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MVTArider

Transport for London (TfL) London, England

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Back at the end of February this year I was able to take a trip to the London area and do a bit of transit fanning on the various modes. Here's a fairly current look at some of the system:

  • Red route buses:

I believe these are all privately owned and operated under contract by a variety of operators. Major operators/contractors in the London network include Abellio, Arriva, London United|RATP Group, Metroline, and Stagecoach. You can find others as well. Common new models are of course the Wrightbus New Routemaster (Borismaster) and also the Gemini 3, and Alexander Dennis Enviro 200 and 400 MMC version. A large number of older Enviro 200, 400, eclipse Gemini and Gemini 2 were also seen. Beyond those there are also some other makes and models depending on the contractor.

33876061341_16fb725b6f_t.jpg 33482901170_0c345fcb61_t.jpg 33054120213_7417c9389a_t.jpg 33679835161_09398402c4_t.jpg 33582674441_60afc5162e_t.jpg 32898371823_365809ab0e_t.jpg 32869447014_fbf23ebc64_t.jpg 33582680901_91f8af180e_t.jpg 33254735605_72540d9aa2_t.jpg

The electric buses are doing well it seems, route 507 and 521 are run completely with the Alexander Dennis Enviro 200EV on BYD chassis:

 

32507206833_ccc97ca3d8_t.jpg 33321712295_bc16cbd08e_t.jpg 32869390024_e6cbe3d466_t.jpg ...and a short ride clip of one.

  • London Trams

Trams serve the Croydon area to the south of London. A mix of equipment is operated, with the older refurbished Bombardier Flexity-Swift CR4000 and newer Stadler Rail Variobahns.

 

33650443275_1105e2a304_t.jpg 33650438935_7ac049f3fc_t.jpg 33538665112_cd8886cbef_t.jpg 33538657472_853c180bbc_t.jpg

  • London Underground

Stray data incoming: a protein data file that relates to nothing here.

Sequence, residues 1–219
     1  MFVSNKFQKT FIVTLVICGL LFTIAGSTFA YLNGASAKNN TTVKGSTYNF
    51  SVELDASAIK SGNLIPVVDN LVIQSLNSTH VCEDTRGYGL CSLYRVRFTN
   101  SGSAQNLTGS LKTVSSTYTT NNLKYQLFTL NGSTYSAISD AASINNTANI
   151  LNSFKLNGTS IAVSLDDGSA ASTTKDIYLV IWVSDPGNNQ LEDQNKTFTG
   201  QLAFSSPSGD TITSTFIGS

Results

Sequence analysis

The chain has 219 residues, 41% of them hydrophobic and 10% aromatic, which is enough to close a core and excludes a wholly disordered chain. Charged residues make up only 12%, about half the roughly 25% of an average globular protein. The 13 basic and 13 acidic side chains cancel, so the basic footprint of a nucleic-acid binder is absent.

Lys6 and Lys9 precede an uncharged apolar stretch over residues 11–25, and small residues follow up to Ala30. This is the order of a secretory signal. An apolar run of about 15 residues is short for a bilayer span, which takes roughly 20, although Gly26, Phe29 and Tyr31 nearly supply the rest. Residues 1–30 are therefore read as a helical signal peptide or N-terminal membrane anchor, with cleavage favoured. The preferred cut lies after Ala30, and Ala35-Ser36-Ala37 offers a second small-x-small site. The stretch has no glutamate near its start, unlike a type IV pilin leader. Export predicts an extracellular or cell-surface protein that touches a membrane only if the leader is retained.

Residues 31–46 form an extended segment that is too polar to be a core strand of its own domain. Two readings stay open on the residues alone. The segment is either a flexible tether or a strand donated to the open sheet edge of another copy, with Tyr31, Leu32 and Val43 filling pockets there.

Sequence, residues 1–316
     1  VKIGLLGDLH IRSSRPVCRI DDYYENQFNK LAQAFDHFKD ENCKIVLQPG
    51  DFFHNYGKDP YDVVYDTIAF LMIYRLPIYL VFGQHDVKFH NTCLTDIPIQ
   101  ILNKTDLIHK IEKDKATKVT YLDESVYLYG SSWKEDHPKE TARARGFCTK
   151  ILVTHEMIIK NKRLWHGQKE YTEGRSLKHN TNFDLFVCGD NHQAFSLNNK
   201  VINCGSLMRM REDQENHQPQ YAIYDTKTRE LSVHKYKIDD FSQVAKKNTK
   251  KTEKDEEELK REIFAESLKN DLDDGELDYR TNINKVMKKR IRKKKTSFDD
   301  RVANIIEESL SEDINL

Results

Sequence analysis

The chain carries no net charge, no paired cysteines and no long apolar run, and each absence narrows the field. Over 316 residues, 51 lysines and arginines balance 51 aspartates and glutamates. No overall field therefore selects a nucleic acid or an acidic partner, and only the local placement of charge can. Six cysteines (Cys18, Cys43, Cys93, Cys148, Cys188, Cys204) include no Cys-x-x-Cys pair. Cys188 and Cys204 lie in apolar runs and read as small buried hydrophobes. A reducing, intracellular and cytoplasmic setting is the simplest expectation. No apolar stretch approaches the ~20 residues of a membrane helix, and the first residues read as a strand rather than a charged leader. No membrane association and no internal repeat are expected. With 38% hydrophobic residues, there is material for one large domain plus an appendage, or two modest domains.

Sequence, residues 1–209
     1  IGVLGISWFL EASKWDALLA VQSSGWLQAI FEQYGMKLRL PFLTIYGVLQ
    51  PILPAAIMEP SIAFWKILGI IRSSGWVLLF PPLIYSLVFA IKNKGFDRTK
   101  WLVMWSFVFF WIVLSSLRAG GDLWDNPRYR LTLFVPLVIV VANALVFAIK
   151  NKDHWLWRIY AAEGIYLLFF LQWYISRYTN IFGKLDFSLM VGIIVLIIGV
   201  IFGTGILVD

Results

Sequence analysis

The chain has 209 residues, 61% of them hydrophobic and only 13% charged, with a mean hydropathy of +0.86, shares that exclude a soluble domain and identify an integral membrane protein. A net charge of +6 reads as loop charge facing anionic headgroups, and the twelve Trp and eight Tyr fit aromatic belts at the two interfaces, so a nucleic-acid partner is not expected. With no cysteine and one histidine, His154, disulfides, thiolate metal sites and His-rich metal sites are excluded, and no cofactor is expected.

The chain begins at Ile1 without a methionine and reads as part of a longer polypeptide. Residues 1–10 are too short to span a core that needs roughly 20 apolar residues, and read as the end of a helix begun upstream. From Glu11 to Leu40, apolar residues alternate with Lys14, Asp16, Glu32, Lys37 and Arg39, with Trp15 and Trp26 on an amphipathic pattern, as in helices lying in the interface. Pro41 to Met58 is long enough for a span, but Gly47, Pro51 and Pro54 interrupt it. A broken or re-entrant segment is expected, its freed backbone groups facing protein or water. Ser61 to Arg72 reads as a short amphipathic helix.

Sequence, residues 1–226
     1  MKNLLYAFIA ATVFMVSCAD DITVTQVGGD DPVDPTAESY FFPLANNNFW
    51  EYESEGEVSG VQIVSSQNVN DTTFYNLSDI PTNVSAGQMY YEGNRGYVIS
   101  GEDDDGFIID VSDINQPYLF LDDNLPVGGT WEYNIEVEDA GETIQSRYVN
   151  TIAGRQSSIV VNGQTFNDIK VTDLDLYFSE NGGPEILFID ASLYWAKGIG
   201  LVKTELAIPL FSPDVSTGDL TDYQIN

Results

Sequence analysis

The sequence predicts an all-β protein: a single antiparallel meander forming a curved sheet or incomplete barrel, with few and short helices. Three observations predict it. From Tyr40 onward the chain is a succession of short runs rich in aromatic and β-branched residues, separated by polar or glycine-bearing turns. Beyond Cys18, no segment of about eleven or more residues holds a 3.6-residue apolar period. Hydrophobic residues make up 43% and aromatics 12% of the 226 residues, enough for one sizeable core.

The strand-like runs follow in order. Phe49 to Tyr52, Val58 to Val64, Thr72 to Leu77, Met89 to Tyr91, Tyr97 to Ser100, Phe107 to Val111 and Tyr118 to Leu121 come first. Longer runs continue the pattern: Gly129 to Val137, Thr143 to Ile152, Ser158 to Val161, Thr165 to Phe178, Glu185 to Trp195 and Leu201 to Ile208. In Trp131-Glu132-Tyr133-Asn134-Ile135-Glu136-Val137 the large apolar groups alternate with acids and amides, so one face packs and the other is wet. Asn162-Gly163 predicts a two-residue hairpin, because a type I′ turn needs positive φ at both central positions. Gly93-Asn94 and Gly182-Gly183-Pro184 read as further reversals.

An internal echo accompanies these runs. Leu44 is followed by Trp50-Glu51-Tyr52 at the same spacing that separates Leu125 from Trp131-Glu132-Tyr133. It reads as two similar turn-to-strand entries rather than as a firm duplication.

A mix of older and newer equipment is operating. Piccadilly Line was still the 1973 stock while a couple of others I rode were more recent. Open gangways are the standard now for all new trainsets. This helps a bit with some of them ore crowded periods and also with some of the older stations where the back set of doors on the train won't open! I didn't get a lot of photos of the Underground equipment due to the general poor photography conditions in the stations which make for blurry and dark shots, plus all the crowds which make it hard to get clear shot anyways. Here are a few however.

33826330856_699181d22f_t.jpg 33023693644_a327ac6ffe_t.jpg 33266751980_ac7e1b50ff_t.jpg 33266749370_79924bc592_t.jpg 33215395641_f7447c3745_t.jpg

  • DLR - Docklands Light Railway

Finally we have the DLR trams, the DLR is completely automated (think Vancouver SkyTrain) and consists of multiple lines around the Docklands area in the southeast of Greater London. The majority of the equipment I observed were the newer Bombardier B07 type. However a few of the older cars were also seen.

 

33662351176_0fa0e35e21_t.jpg 33547054562_5e7da013f3_t.jpg 32860644854_7f69afc648_t.jpg 33033077643_8a26d3753d_t.jpg

 

 
I was also able to ride once on the Overground, however I didn't get any significant photos, so I'll leave that out. Overall a very impressive system.
This is my main photo collection for stations, stops, and vehicles of Transport for London if interested: https://www.flickr.com/photos/thetransitcamera/collections/72157680919743146/

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Nice shots!  

Interesting that the Tube stock and the Docklands cars have longitudinal seating with armrests.

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On ‎2017‎/‎04‎/‎19 at 11:01 PM, MVTArider said:

Back at the end of February this year I was able to take a trip to the London area and do a bit of transit fanning on the various modes. Here's a fairly current look at some of the system:

  • Red route buses:

I believe these are all privately owned and operated under contract by a variety of operators. Major operators/contractors in the London network include Abellio, Arriva, London United|RATP Group, Metroline, and Stagecoach. You can find others as well. Common new models are of course the Wrightbus New Routemaster (Borismaster) and also the Gemini 3, and Alexander Dennis Enviro 200 and 400 MMC version. A large number of older Enviro 200, 400, eclipse Gemini and Gemini 2 were also seen. Beyond those there are also some other makes and models depending on the contractor.

33876061341_16fb725b6f_t.jpg 33482901170_0c345fcb61_t.jpg 33054120213_7417c9389a_t.jpg 33679835161_09398402c4_t.jpg 33582674441_60afc5162e_t.jpg 32898371823_365809ab0e_t.jpg 32869447014_fbf23ebc64_t.jpg 33582680901_91f8af180e_t.jpg 33254735605_72540d9aa2_t.jpg

The electric buses are doing well it seems, route 507 and 521 are run completely with the Alexander Dennis Enviro 200EV on BYD chassis:

 

32507206833_ccc97ca3d8_t.jpg 33321712295_bc16cbd08e_t.jpg 32869390024_e6cbe3d466_t.jpg ...and a short ride clip of one.